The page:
Time spent counseling child-abuse victims and violent youth offenders often from the Pascua Yaqui and Tohono O’odham reservations near his Tucson, Ariz., home – taught Proudstar the value of cultural awareness. He didn’t learn about his own Yaqui heritage until his maternal grandmother told him when he was 5.
Tribal Force, released in 1996, was critically well received, even making it into “Comic Art
Indigène,” a pop-culture exhibition at the Smithsonian’s National Museum of the American Indian. Several large comic-book publishers sought to buy the rights, but Proudstar wanted to retain control of the storyline and the characters’ unhappy, all-too-real backstories. Unfortunately, he lacked funding, so the project went dark for more than a decade.
The new Tribal Force, from the small independent publisher Rising Sun Comics, continues the saga. An online preview is already available, with the print version expected in April.
Proudstar states, ”I think Native children need to know who they are. They forget why we fought so hard in the beginning, and why we continue to fight: to fulfill the promise we made with our God to protect this land and take care of it. When you have that strength of knowing where you come from, the greatness your people once had, it’s like you’re Superman. You feel the power.”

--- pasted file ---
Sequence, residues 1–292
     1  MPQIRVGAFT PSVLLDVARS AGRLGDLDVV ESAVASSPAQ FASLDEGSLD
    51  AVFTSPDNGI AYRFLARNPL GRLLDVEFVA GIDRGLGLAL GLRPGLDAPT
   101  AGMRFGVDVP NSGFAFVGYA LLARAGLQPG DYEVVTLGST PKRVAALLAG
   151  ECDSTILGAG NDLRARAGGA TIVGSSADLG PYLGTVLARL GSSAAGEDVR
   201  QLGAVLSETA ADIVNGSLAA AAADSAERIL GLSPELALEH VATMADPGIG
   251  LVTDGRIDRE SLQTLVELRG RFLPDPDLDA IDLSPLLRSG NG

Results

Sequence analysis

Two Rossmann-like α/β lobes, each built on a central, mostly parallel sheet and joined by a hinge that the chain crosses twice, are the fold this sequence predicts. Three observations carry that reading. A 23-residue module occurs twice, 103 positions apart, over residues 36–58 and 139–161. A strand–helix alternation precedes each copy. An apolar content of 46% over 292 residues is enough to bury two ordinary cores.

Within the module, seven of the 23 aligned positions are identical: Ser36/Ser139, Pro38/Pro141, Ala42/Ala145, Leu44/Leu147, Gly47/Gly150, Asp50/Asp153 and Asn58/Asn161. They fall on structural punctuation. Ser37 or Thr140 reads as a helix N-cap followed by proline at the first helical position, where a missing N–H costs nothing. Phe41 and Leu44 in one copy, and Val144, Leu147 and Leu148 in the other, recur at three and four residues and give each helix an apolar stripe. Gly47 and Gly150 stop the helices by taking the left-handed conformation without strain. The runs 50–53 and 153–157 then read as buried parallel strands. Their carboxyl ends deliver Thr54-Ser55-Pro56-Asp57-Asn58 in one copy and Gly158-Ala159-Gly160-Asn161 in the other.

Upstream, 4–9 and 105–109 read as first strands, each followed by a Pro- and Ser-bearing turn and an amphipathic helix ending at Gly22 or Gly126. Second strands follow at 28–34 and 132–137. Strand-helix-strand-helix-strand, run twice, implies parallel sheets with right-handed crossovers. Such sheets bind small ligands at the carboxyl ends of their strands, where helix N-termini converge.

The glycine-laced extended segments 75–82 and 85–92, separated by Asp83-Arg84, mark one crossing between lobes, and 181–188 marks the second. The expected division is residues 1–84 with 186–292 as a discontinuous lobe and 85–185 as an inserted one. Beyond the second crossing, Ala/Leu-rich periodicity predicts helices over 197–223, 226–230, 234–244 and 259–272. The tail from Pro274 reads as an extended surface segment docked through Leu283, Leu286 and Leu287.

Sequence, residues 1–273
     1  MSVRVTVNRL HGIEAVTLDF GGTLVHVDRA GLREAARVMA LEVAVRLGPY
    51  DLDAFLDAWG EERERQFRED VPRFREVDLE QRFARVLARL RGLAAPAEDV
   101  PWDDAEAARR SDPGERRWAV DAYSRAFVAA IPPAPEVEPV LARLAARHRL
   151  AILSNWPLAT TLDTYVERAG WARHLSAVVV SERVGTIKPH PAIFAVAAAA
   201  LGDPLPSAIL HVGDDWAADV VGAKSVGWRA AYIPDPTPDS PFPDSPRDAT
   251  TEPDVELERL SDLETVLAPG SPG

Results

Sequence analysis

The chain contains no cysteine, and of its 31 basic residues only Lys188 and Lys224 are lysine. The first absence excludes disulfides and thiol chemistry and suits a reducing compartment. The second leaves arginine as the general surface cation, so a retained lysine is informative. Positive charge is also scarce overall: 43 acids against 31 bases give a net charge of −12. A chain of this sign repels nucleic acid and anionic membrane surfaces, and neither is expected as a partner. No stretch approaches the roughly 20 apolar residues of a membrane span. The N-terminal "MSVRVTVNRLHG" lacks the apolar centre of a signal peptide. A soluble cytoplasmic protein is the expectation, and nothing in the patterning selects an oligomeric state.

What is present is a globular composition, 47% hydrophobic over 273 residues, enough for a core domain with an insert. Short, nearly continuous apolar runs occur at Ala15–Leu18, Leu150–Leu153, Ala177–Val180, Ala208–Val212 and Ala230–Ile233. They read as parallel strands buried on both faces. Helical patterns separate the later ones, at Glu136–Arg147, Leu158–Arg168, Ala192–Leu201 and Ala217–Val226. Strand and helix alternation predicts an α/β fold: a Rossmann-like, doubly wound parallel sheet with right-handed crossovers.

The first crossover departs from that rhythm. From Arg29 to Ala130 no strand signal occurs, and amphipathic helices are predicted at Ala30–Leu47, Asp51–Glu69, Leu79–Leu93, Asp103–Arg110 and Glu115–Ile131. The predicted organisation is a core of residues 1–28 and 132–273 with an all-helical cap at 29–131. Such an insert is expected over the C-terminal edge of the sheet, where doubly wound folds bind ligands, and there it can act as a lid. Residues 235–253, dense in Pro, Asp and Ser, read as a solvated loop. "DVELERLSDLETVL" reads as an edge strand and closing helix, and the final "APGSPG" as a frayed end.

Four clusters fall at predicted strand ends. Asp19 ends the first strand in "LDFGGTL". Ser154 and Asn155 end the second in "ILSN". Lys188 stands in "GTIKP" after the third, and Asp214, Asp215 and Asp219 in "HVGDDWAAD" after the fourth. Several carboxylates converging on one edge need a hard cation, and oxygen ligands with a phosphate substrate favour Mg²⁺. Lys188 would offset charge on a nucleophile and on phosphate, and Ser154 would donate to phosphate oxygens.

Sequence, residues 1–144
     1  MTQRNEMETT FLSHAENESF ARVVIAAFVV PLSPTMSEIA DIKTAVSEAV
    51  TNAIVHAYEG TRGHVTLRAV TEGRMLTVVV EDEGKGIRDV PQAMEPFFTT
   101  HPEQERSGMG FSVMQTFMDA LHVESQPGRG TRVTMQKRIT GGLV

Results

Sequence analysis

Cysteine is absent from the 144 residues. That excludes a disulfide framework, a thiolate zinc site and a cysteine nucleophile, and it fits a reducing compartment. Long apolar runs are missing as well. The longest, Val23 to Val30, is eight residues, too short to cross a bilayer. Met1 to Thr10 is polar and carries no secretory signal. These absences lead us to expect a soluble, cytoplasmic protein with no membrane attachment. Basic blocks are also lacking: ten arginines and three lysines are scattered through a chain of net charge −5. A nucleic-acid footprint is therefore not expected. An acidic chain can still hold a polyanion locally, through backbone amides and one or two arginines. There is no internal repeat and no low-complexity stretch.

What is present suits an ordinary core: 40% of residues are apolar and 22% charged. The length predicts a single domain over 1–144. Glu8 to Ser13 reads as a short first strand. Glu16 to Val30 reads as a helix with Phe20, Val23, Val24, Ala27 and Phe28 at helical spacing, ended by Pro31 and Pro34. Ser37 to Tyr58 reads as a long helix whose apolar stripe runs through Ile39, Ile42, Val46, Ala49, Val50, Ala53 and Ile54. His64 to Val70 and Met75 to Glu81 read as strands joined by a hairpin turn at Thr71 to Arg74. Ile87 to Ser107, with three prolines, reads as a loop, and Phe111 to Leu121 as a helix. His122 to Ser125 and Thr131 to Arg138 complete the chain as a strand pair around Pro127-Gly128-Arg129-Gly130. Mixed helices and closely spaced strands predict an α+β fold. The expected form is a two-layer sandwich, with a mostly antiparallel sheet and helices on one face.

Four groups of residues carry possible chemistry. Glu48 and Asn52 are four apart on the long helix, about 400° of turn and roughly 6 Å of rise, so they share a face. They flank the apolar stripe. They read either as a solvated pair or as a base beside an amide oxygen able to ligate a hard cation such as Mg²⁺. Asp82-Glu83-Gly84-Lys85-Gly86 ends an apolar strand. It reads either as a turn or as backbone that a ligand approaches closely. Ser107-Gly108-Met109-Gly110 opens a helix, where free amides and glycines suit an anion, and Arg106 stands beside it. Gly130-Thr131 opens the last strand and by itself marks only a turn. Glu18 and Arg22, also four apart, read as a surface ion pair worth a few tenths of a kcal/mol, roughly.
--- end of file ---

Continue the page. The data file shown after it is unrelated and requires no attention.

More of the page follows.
“Tribal Force looks at the same issues that rez kids have to deal with, says Proudstar. When I was younger, I remember thinking, “We’ll always be poor, struggling, seeing relatives being arrested.” That was kind of crushing. But I educated myself by reading a lot, and in broadening my horizons, I realized that things will change – and that you can change them.”
To find out more information and where to buy a copy click here.